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cold calling


Almost everybody I know hates cold phone calling, there is something in the psychology that prevents us putting ourselves in a position where absolute strangers can reject us 99% of the time.

“Cold email calling” is the less confronting and can be a hugely effective option, but unless you follow some simple rules, will still be 99% ineffective. It is just that the email will go to the trash, and you will not have to put up with someone rejecting you verbally.

If you follow these rules, and optimise your emails, their effectiveness will explode.


1. Research the prospect list.


It is easier today than ever before to create and segment your prospect list into finely drawn groups, each having a persona that is likely to respond to specific messaging. Sending an email to a professional chef outlining your Aunt Mabel’s favourite cup cake recipe is unlikely to be read.

Ensure you have a strong value proposition for each persona that you draw, one that feeds into their motivations, problems and fears.


2. Have a compelling subject line.


Your subject line is like a headline in a newspaper, or the cover of a magazine in the newsagent. In a very few words it needs to capture attention and lead you to the next action.

Ask yourself, “would I open this email”

Have a compelling “sub head”

Your first sentence is like the sub headline on that same magazine cover. If you watch what works in your local newsagent, it is often piquing curiosity that works best. Writers of these covers are the cream of direct response writers, so model your emails on the pattern that works for them.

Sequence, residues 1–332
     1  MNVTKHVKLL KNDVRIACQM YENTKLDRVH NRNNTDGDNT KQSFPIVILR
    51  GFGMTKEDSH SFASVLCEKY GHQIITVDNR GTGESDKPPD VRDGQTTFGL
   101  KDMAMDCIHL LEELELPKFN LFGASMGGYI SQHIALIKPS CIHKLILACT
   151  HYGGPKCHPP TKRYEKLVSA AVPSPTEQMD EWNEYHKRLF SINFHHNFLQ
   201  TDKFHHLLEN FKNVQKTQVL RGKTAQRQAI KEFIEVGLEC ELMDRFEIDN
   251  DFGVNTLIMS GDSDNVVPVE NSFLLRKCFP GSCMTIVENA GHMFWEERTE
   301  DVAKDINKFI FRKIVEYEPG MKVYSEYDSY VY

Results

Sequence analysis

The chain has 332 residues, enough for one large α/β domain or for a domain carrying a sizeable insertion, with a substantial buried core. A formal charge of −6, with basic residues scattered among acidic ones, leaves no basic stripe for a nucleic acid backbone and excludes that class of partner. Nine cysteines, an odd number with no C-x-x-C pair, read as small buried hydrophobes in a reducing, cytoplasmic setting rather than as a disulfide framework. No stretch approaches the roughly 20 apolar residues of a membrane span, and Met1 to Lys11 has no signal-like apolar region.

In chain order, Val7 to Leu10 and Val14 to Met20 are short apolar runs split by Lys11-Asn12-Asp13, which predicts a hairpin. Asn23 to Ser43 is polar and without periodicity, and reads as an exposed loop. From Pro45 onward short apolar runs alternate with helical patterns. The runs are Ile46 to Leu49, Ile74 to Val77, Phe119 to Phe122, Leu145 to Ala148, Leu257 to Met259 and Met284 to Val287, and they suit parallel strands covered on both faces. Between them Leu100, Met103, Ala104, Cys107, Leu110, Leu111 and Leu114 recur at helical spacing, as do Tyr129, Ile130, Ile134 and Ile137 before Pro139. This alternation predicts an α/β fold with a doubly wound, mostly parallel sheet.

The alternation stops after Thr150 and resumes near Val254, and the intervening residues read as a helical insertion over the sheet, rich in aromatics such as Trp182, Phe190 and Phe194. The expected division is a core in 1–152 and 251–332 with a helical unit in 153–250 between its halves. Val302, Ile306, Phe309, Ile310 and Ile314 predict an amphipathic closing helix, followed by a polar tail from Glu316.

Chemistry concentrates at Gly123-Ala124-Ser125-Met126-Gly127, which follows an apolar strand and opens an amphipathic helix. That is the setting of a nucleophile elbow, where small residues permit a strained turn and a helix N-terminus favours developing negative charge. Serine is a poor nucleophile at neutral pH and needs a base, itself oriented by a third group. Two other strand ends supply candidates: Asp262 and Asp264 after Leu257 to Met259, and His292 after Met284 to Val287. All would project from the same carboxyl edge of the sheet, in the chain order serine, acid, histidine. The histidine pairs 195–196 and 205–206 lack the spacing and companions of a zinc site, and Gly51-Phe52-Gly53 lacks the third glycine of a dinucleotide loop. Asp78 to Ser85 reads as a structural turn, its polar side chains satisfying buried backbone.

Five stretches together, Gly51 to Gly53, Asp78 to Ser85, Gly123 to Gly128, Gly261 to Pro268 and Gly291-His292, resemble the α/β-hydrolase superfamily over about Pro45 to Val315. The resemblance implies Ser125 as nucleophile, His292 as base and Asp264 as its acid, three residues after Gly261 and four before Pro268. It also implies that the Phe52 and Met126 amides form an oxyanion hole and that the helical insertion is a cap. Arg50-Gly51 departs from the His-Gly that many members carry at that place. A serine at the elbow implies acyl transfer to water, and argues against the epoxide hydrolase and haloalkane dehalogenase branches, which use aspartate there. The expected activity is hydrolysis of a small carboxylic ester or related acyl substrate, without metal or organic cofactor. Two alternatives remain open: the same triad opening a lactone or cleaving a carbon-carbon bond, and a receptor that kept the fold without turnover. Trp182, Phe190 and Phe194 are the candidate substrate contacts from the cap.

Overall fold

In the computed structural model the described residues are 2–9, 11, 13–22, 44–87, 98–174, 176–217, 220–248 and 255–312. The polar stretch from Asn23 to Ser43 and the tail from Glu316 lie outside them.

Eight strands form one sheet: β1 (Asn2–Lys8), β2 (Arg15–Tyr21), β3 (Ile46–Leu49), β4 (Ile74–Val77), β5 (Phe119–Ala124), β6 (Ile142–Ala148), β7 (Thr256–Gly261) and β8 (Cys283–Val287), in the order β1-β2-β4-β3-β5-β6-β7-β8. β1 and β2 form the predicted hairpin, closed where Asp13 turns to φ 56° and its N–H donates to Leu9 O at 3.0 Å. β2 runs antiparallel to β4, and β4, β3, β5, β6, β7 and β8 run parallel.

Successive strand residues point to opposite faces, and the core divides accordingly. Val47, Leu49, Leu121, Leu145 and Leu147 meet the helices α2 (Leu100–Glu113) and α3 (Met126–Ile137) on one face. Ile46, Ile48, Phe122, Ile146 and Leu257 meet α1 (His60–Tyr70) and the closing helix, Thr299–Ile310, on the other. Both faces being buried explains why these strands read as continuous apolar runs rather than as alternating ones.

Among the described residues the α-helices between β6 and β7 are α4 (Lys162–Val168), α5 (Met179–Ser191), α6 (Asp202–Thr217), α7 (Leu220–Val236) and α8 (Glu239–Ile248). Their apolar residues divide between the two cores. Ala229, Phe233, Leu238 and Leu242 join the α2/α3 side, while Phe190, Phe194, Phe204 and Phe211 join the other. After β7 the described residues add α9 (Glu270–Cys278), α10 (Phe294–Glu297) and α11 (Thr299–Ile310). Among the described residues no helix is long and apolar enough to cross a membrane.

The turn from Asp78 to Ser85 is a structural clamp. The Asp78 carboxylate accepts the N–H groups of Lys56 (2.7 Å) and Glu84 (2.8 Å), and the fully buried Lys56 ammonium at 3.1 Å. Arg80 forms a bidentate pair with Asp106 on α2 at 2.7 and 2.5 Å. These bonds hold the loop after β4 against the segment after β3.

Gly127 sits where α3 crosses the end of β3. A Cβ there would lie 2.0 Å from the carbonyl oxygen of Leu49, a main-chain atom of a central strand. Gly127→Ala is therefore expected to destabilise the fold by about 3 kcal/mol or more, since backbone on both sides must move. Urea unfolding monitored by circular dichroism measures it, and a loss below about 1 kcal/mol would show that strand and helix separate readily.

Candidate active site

3. It is not about you.


If your email opens with “my name is Fred Nurk from ABC Corp, and we provide the worlds best   Blah Blah product” you have probably already lost them. Instead, you need to spell out exactly how you can help them do their job better.

Be conversational. Write like a peer, someone who understand the challenges and opportunities of your target, and who relates to them. Being “needy” is the best way to lose a reader, even if you think your cause is the best in the world. Avoid weak  terms like “I hope..” and “I just ….”


4. Establish credibility.


Without credibility, you chances of converting are minimal. Providing social proof, data, of some sort is essential. A testimonial from an existing customer can be very effective, but these days, they have to be video, and the individual has to be clearly identified, and identifiable, otherwise you will be suspected of writing it yourself or getting one of your mates to do a video.


5. Create a process.


A cold email rarely creates a sale, at best it can create a warm reception to the follow up. This is the entry to your sales funnel.

There are three parts to a successful email process that recognise the “moments of truth” that occur. First you need the finely drawn persona noted above, second, you need to map the buying journey to be able to identify the points at which you can create interest, and third, you should have a schedule. It is easier to map out a series of posts around a topic, then write them, than it is to sit facing a blank screen trying to think of something to write today. Believe me, I have tried both.

None of this is easy, and it takes time and expertise, but does work. There is never any substitute for experienced, professional writing. It is not the case that everyone who can write a letter and ensure the spelling and grammar is OK can write a good sales letter, it is an art, so you are probably better off getting an artist.